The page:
Thrombotic Microangiopathy & Precision Medicine
What’s to be learned from the Pandemic?
At various times in history, medical science has been catapulted forward during times of crisis. Such was the case with advancements made through field medicine in wartime, and with past outbreaks of infectious disease. What are some of the relevant lessons learned, and new questions arising, from how targeted treatments for COVID-19 might shed light on aspects of thrombotic microangiopathy (TMA)? This formation of tiny blood clots, which can impact organ function throughout the body, has been seen in patients infected with the SARS-CoV-2 virus but many different diseases can result in TMA (Johns Hopkins Medicine).
Thrombotic microangiopathy or TMA has these word origins: thrombotic (meaning issues with blood clotting) and microangiopathy (meaning problems within small blood vessels). A diagnosis of TMA in part indicates that abnormal clotting may occur anywhere in the body that blood flows, to include any organ or body system. An infection, medical condition, or genetic disease can cause the body’s normal clotting process or immune system to not function as usual. Blood platelets can be consumed in creation of such clots, leaving patients with a low platelet count called thrombocytopenia. (Read more on this aspect of TMA: M Scully). Sometimes thrombotic microangiopathy can cause severe organ damage, as is the case with TMA and kidney function, and TMA is a noted feature of atypical HUS as well as other medical conditions.
News articles during the recent coronavirus pandemic have surfaced with mention of clots found in the body’s blood vessels and causing damage to major organs. Some news outlets focus on purported upticks in doctors providing anti-coagulants to decrease risk for clots, with others noting clot formation as a major issue for hospitalized COVID-19 patients. In a 24 April 2020 article by Kerin Miller for the medical magazine Prevention, reference was made to a Dutch paper (Klock et al. 2020) where “Overall, 31% of the patients had some kind of clotting complication, which researchers noted was “remarkably high” for patients in the ICU.” Clotting complications within veins and arteries can have serious implications for COVID-19 patients, as noted in a recent article by a team at an academic hospital in Milan (Lodigiani et al). Since scientific and medical research must face a rigorous review process prior to publication, expect an influx of future articles on COVID-19 and clotting issues in the coming months. As a few case studies begin to trickle in, perhaps the clotting associated with COVID-19 may be an area ripe to expand the knowledge base for diseases that involve TMA or some aspect of clotting dysregulation as part of its clinical profile.
Skin involvement, neurological issues, kidney damage, and other medical issues have been reported in popular culture and in medical literature during this pandemic. Will the treatment of COVID-19, and its varied severe complications, be predicated on assessing an individual’s genetics, lifestyle, or environmental factors – best targeted, in other words, by the field of Precision Medicine? While it seems logical why frail individuals or those with underlying medical conditions might experience more severe issues, what impact might obesity or other risk factors have regarding infection risk and viable treatment options? Regarding skin vasculitis and COVID-19 with the so-called ‘COVID Toes’ noted in dermatology, is this related to clotting or part of the inflammatory response (or both)? Nations and people around the world are experiencing the COVID-19 outbreak differently, so are variations in disease severity or patient outcomes somehow related to genetic, cultural, socio-economic or other factors? Can better understanding of disease mechanisms or genetic sequencing of the SARS-CoV-2 virus responsible for COVID-19 help us target best therapeutic drugs, or create an effective vaccine?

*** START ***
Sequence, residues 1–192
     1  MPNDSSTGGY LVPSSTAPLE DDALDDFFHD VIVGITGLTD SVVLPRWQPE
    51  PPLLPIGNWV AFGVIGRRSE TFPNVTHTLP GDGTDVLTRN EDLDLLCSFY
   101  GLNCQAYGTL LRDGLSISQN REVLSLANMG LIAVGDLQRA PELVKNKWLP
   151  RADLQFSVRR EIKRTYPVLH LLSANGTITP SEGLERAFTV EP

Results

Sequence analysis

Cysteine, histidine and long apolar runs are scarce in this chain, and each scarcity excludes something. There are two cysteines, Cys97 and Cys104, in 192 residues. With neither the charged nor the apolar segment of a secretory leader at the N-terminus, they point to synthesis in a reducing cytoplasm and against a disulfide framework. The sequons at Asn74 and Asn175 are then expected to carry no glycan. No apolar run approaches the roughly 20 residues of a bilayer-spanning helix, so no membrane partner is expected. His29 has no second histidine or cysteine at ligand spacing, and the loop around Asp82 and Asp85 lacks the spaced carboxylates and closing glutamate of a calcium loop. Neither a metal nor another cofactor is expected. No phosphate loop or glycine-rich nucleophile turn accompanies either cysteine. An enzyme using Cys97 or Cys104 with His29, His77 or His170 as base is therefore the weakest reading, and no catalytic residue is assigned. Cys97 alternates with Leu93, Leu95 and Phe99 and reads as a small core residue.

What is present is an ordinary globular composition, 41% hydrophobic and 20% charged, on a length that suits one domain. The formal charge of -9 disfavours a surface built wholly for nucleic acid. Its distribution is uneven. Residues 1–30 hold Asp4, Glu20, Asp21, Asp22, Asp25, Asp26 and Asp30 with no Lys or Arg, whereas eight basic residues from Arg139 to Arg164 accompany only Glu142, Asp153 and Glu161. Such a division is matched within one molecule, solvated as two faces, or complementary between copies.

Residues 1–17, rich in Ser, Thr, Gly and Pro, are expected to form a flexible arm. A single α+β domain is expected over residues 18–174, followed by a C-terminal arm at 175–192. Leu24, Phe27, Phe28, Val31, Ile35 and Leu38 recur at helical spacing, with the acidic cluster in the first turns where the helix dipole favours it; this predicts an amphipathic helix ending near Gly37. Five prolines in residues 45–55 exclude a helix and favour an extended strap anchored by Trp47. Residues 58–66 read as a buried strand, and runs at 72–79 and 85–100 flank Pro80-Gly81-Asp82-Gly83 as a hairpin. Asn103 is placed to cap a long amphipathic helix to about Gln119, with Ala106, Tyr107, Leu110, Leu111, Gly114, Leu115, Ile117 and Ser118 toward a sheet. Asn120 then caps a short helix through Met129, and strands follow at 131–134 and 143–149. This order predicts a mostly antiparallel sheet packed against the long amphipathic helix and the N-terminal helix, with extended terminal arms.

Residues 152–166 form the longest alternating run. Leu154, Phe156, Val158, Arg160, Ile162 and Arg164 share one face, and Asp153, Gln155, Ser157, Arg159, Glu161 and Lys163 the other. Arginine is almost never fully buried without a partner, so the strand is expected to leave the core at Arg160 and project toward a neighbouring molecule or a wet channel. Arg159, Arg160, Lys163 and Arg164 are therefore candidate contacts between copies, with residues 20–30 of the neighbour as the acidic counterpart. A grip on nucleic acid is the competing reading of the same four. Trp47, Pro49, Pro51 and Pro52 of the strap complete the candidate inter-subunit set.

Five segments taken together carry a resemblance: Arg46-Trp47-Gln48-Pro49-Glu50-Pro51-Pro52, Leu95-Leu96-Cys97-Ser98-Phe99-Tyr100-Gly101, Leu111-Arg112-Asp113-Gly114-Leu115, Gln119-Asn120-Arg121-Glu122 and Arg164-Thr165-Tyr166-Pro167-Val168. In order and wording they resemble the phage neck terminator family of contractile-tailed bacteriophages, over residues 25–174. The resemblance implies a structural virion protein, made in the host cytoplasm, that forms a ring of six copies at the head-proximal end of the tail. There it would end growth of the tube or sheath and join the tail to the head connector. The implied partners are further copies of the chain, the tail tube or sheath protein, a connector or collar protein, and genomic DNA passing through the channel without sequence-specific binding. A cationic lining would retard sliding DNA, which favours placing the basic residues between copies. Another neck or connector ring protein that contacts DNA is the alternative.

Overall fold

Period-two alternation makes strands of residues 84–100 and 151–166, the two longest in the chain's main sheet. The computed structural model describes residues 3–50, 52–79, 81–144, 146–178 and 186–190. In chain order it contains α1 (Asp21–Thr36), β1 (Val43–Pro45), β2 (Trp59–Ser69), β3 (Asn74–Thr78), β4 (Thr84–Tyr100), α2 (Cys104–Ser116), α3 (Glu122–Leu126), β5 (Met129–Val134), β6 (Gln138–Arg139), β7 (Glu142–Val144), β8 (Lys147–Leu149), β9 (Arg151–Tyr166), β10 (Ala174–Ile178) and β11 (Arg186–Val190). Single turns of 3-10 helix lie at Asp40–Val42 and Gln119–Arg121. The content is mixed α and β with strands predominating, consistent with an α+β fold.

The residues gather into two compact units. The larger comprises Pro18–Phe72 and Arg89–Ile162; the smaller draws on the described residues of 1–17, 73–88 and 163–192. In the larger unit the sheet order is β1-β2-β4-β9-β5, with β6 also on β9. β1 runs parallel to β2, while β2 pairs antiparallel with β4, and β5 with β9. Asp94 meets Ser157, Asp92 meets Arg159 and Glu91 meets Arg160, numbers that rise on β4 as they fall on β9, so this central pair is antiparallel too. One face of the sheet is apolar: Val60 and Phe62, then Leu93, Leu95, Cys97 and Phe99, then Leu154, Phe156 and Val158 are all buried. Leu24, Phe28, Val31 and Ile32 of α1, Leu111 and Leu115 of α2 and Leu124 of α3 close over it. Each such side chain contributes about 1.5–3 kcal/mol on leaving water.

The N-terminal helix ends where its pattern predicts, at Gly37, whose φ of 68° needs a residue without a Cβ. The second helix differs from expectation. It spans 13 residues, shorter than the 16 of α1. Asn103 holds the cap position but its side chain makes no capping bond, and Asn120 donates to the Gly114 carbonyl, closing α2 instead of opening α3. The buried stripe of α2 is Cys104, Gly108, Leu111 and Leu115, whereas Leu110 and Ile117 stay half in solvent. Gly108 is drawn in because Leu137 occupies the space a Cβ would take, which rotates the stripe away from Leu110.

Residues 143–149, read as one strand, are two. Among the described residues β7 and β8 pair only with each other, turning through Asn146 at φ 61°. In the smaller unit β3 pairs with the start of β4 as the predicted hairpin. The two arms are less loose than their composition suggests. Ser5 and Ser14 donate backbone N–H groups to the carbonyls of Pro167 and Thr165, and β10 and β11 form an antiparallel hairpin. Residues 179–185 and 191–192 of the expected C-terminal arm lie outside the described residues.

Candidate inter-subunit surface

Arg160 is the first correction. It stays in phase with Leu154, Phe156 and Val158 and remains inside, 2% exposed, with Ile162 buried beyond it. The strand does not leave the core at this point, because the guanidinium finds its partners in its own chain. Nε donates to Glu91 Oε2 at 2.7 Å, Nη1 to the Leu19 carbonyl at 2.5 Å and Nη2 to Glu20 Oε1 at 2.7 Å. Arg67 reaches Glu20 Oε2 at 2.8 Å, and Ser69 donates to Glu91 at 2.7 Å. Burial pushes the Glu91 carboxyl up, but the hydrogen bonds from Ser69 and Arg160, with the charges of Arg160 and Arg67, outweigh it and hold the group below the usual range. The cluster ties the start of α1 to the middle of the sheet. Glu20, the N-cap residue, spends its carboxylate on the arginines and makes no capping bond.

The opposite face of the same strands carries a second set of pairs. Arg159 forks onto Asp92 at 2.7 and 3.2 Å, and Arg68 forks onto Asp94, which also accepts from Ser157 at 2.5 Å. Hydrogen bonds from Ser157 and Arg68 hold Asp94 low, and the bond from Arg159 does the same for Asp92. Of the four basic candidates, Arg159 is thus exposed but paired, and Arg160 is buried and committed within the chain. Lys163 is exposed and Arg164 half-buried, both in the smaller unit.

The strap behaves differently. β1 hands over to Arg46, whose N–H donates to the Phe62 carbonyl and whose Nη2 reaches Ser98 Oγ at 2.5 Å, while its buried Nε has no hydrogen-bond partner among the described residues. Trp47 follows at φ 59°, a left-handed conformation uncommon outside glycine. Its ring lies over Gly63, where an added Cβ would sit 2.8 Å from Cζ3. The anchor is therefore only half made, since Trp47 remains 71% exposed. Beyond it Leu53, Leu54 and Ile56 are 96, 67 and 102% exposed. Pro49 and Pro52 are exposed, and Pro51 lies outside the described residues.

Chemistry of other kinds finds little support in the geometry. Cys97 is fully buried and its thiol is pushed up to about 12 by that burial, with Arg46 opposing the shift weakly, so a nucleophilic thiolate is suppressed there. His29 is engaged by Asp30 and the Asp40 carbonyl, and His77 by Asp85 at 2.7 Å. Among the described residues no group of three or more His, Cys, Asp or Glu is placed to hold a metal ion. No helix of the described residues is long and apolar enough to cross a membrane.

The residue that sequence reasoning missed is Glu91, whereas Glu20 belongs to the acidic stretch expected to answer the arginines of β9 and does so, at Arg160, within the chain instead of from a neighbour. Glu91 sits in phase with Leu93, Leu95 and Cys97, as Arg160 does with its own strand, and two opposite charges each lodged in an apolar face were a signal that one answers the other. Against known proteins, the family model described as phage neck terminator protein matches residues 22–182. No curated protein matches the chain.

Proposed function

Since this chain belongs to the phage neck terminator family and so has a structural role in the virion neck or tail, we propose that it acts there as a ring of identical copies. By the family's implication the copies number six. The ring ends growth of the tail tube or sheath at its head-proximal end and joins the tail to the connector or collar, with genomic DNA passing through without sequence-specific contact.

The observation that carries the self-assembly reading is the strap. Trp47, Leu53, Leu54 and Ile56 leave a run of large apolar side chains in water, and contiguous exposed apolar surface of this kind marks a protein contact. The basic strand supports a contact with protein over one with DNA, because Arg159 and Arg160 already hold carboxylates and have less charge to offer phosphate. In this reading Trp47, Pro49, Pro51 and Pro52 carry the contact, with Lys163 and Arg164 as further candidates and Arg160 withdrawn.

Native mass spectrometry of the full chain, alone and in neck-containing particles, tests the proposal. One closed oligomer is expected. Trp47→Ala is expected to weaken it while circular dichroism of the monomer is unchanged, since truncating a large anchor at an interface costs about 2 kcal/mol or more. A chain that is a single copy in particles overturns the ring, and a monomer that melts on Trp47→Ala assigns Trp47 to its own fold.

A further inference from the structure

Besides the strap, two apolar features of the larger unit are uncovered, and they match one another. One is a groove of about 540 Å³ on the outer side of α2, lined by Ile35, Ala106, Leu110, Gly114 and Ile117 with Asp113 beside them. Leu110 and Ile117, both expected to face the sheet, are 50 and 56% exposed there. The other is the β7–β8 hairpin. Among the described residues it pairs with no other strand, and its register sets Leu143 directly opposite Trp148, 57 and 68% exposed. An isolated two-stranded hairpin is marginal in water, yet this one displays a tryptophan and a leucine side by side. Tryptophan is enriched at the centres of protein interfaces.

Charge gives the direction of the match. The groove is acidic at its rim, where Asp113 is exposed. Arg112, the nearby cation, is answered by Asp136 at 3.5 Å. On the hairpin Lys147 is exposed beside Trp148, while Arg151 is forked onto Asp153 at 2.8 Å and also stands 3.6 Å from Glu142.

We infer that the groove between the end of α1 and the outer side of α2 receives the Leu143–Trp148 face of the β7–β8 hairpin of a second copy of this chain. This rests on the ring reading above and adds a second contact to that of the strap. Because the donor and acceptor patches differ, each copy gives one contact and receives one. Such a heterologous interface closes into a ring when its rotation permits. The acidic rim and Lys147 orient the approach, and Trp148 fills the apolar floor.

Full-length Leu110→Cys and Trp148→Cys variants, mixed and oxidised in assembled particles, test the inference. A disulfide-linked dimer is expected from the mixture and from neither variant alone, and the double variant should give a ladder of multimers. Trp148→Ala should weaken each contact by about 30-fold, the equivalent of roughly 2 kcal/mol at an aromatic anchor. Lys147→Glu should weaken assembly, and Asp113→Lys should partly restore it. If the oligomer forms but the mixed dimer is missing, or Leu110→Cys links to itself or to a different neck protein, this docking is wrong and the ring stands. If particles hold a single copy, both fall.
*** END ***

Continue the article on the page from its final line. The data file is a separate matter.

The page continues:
Raising Questions, Seeking Answers
Atypical hemolytic uremic syndrome, also known as atypical HUS or aHUS, is a rare disease where part of the body’s immune system (complement system) cannot properly regulate itself. When complement over-activates, cells that line the blood vessels can cause clots to form and negatively affect the function of major organs. Most notably damage from aHUS is to kidney function, the ‘uremic’ portion of the disease name atypical hemolytic uremic syndrome, but aHUS activity may potentially damage the heart, lungs and other organs. (FMI about aHUS)
Complement associated damage has been noted in medical articles and in news articles related to COVID-19 as well. Terminology for atypical HUS is highly variable, with increased use of new nomenclature for atypical HUS as CM-aHUS (complement-mediated aHUS) or grouped together with other forms of CM-TMA (complement-mediated thrombotic microangiopathy). Yet it’s important to note that CM-aHUS isn’t quite precise when speaking about DGKE and atypical HUS. In an article for Nature Genetics S. Quaggin wrote, “Notably, mutations in DGKE are not associated with activation of the complement pathway, the only other identified cause of this disorder so far, and have important implications for patient management.” Aside from study of complement-inhibitors for COVID-19, other avenues of interest include TMA therapeutic drugs, and an expanded research interface into care of autoimmune disorders such as systemic lupus erythematosus (SLE) and inflammatory disorders like rheumatoid arthritis (RA).
Pharmaceutical companies as well as academic research teams have branched out with different approaches to: target different disease activation mechanisms, halt the viral replication process, and boost antibody production and efficacy. It seems likely that medical discoveries related to the COVID-19 pandemic will create a broader knowledge base for complement therapeutics, syndromes of thrombotic microangiopathies, anti-inflammatory drugs and our understanding of immunology. Given the varied expressions of the disease and its severity, it is unlikely that a ‘one size fits all’ solution will be found across different geographic, environmental, and socio-economic groups. The current pandemic seems tailor-made for deepening our understanding of TMA through precision medicine, to treat individuals with certain common characteristics.